As part of our evaluation, we also presented the features and limits of each system to help forensic analysts determine which program will most benefit their laboratories and to aid managers when deciding whether to purchase or subscribe to expensive software. Here is a brief summary of each expert system that we evaluated.
GeneMapper®ID Software v. 3.2
We found the purchase of GeneMapper ID straightforward. The laboratory in which we evaluated the product purchases only software from the vendor; hardware is purchased separately. The consumer determines the number of licenses required by the laboratory and can self-install the software from a CD. The vendor provides a one-day on-site training on setup and basic software tools with purchases as well as technical support for telephone and electronic questions and free periodic webinars. More extensive training can be purchased. Our evaluation found many features in GeneMapper ID to be intuitive and the sizing and genotyping analysis to be simple and effective.
FSS-i3™ Expert Systems Software
With FSS-i3, hardware is purchased separately; the laboratory purchases only software from the vendor. The vendor offers on-site or company-site training at a separate cost. The five-day sessions include installation, optimization and training. The vendor also offers technical support for telephone and electronic questions. Overall, we found the operation of the software straightforward.
TrueAllele® System 2
With TrueAllele, hardware is included with the software. The laboratory can renew its support and updates annually. The vendor provides two company-site training sessions: a two-day executive training session for laboratory managers and administrators and a four-day training session for scientists using the software. The vendor also provides technical support for telephone and electronic questions. During our evaluation, we found that we had a steeper learning curve for TrueAllele, but once we understood the setup, it was fairly straightforward and the analysis of the size standard and samples was simple and effective.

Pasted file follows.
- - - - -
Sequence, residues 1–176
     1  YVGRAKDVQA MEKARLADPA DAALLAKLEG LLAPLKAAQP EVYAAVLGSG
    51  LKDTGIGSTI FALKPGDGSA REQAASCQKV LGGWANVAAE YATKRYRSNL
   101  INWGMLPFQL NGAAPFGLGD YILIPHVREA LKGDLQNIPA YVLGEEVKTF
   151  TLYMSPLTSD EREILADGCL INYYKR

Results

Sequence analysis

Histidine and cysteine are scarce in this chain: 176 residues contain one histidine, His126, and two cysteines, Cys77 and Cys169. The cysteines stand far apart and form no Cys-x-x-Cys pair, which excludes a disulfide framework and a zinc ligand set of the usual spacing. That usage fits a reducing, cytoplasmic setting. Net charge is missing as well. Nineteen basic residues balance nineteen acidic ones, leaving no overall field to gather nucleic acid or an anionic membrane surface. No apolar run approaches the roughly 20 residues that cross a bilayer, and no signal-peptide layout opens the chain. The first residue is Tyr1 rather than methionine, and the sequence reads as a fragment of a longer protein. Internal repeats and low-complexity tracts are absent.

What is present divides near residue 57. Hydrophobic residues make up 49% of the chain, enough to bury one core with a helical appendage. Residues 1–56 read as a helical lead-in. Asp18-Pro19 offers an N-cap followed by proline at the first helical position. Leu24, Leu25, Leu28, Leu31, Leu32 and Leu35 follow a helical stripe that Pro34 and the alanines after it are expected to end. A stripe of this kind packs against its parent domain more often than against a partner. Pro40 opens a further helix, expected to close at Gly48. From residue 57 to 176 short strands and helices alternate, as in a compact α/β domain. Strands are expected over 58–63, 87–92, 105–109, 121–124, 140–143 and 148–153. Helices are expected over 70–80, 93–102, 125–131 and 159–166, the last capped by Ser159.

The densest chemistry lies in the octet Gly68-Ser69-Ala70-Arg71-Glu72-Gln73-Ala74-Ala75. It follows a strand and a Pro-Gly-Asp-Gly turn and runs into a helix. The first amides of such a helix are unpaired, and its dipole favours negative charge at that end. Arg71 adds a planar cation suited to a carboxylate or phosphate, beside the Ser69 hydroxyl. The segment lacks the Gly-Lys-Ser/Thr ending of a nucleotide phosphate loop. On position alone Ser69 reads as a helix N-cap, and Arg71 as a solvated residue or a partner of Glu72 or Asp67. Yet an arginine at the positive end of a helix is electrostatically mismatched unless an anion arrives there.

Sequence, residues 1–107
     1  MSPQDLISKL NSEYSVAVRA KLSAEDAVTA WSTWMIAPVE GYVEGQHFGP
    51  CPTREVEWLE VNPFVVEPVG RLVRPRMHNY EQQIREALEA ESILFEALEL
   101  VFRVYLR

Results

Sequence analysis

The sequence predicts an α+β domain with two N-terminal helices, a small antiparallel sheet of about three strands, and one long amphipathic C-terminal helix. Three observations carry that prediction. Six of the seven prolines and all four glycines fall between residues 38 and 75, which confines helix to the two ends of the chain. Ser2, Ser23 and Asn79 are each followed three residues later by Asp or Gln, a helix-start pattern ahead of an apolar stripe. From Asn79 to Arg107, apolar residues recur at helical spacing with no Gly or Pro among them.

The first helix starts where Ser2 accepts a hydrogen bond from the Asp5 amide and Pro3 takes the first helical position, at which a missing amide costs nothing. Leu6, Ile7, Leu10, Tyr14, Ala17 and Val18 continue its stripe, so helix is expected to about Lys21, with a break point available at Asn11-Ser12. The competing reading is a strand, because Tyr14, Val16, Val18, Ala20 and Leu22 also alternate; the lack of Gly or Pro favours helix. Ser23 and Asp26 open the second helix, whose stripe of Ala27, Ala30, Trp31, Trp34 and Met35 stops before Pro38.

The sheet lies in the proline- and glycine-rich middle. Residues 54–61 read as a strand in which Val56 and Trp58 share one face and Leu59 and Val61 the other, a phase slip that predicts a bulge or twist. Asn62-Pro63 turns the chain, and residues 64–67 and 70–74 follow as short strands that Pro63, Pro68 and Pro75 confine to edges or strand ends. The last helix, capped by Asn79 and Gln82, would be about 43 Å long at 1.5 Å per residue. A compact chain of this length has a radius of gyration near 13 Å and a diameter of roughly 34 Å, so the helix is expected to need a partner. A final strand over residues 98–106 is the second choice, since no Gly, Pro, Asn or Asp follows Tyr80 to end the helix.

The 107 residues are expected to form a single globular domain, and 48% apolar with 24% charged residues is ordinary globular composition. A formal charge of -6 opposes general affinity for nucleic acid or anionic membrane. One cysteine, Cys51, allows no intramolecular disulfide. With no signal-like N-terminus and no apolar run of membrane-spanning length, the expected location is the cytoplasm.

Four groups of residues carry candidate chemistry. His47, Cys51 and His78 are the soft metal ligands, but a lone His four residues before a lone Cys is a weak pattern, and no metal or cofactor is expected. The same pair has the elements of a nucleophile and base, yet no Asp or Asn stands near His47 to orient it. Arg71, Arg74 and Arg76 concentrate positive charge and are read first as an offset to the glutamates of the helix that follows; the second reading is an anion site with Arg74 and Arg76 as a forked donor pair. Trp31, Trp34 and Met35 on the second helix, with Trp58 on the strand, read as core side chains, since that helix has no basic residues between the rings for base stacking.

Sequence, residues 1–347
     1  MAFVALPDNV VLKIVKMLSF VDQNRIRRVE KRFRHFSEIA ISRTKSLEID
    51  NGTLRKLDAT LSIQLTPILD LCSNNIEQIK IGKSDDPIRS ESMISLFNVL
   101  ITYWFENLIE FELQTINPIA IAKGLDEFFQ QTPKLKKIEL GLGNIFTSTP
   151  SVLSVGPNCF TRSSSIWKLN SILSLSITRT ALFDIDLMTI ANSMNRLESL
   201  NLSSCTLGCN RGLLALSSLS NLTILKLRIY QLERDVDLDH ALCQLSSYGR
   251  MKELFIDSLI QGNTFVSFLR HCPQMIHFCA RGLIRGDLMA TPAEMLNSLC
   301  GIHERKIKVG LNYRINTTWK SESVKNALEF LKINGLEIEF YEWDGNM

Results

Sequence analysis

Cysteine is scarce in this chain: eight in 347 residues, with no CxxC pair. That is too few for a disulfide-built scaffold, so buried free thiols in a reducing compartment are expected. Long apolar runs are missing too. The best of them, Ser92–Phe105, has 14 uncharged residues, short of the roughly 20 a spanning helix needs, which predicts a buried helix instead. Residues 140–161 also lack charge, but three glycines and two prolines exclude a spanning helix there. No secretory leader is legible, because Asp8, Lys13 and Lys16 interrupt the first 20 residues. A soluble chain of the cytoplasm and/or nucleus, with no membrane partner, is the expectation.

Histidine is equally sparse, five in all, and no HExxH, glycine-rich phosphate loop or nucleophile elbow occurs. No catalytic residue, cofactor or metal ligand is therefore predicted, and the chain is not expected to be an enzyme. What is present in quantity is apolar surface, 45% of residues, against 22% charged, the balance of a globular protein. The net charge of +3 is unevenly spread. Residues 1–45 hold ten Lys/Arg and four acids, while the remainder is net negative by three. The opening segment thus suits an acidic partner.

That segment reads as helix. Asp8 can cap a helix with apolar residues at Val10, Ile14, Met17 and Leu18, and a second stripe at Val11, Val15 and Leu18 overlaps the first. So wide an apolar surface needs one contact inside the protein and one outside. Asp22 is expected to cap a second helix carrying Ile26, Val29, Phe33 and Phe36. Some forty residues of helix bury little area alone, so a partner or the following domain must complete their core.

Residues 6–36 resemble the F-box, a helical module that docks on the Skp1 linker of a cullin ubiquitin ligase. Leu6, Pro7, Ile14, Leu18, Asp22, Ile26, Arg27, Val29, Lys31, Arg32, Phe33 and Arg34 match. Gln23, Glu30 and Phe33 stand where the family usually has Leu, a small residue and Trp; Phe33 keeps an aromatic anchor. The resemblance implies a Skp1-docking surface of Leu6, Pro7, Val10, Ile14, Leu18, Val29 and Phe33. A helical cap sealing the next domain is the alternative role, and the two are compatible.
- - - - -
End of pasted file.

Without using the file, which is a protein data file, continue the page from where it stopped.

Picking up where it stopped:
It is not the objective of the NEST project to identify the single best expert system for a laboratory. We recognize that crime laboratories are different, and each laboratory should consider its specific needs when choosing an expert system. Instead, the goal of the NEST project is to continue to give managers and analysts the tools they need to determine which expert system would best fit their laboratory and ultimately help reduce the backlog of convicted offender samples across the country so more crimes can be solved.
Considerations When Selecting an Expert System
When deciding whether to purchase an expert system, managers and analysts should consider their throughput needs, budget, human resources and information technology (IT) support as well as the features of the system and the continuing support of the vendor. Questions to ask include:
- How many instruments will be used to process single-source samples?
- On average, how many samples do you plan on processing in a week?
- How fast do you need to process your data?